transversely flexible tube extending along one margin of the material substantially for the full length thereof and being connected to said material along said margin, said gauze consisting of organic material.
6. A bib for the purposes described comprising a piece of thin flexible soft open mesh material, a channel shape member connected to the material along one margin and opening away from the surface of the material, and said channel shape member having resilient self restoring side walls adapted for clamping engagement with a supporting member inserted therebetween.
7. A bite tray comprising a pair of open end frames, handles on the frames, respectively, each handle being connected at one of its ends to its associated frame and extending endwise from the open end of its associated frame in a direction away from the other end of its associated frame, separable connecting means on the other ends of the handles, respectively, detachably connecting the handles together so that the handles support the frames in laterally spaced relation to each other edge'vvise of the frames and for bodily movement edgewise 0f the frames and swinging movement about a common axis generally normal to the plane of the frames, each of said frames consisting of a single length of wire, one end portion of which provides an inner side frame member having a free end, an intermediate portion of which extends from the other end of, and at an abrupt angle to, the inner side frame member and provides an end frame member, and a third portion of which extends from the other end or", and at an abrupt angle to, the end frame member and provides an outer side frame member, and the handle of each frame member extending from that end of its associated outer side frame member opposite from the end frame member and in a direction generally endwise of the frame away from said end frame member.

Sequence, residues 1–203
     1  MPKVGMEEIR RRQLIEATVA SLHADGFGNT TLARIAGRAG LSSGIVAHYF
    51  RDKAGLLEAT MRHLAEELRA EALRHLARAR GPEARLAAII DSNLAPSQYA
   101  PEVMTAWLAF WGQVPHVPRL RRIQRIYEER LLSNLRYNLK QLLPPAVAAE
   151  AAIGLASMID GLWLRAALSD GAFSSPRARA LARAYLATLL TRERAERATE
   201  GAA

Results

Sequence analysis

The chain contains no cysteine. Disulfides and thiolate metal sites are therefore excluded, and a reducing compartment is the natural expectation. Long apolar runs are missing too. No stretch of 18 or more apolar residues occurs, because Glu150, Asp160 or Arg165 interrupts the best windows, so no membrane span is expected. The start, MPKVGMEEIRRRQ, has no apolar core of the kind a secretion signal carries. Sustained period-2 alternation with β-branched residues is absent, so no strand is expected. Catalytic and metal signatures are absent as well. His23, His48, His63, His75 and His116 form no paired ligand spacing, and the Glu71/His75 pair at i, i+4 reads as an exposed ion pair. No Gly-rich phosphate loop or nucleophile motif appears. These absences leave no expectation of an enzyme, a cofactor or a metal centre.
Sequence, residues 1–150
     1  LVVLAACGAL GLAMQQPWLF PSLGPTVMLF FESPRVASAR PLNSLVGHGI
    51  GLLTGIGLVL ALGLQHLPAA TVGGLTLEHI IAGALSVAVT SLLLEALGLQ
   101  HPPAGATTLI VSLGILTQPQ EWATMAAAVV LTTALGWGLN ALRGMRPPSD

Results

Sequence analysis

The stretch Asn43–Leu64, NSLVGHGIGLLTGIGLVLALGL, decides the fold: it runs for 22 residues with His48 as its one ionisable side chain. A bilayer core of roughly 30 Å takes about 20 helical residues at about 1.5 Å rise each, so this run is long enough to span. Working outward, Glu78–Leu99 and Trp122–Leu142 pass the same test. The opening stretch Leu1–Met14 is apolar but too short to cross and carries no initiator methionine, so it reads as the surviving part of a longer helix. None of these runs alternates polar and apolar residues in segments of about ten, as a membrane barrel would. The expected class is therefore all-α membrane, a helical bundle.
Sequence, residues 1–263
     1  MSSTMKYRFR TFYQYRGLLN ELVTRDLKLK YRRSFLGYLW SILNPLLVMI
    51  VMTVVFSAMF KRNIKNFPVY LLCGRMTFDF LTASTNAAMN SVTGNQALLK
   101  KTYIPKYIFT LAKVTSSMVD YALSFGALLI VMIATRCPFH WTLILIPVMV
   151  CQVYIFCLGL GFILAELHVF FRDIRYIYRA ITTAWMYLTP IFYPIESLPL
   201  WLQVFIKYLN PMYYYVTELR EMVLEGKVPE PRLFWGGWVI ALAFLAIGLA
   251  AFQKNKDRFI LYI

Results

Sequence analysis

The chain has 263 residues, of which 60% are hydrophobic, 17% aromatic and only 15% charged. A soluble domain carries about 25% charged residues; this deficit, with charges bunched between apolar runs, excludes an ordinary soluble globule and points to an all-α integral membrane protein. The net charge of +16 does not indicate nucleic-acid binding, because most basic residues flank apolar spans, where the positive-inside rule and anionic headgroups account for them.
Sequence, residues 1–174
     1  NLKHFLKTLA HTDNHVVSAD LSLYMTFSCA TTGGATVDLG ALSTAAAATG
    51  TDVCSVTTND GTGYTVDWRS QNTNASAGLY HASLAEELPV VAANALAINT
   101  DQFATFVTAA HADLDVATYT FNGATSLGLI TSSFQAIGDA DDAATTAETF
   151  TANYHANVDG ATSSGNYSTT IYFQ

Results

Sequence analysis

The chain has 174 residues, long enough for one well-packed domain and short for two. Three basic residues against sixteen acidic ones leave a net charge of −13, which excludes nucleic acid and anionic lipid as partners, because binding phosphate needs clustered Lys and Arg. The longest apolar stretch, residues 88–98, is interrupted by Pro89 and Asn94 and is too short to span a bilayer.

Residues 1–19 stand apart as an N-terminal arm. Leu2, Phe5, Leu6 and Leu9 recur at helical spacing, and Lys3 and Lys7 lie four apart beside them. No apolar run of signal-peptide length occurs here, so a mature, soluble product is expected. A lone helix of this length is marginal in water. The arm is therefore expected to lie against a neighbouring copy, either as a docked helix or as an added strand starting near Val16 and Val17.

8. A bite tray according to claim 7 characterized in that each frame consists of part only of the associated length of wire and the handle thereof comprises the remainder of said associated wire.
9. A bite tray according to claim 8 characterized in that bibs are mounted on the frames, respectively, and each bib comprises light weight, readily flexible mesh material connected to the side frame members of the associated frame and bridging the space therebetween and adapted to hold a mass of impression material.
References Cited in the file of this patent UNITED STATES PATENTS 628,923 Carmichael July 18, 1899 1,725,830 Ryerson Aug. 27, 1929 1,979,493 Salvio Nov. 6, 1934 2,583,170 Getz Jan. 22, 1952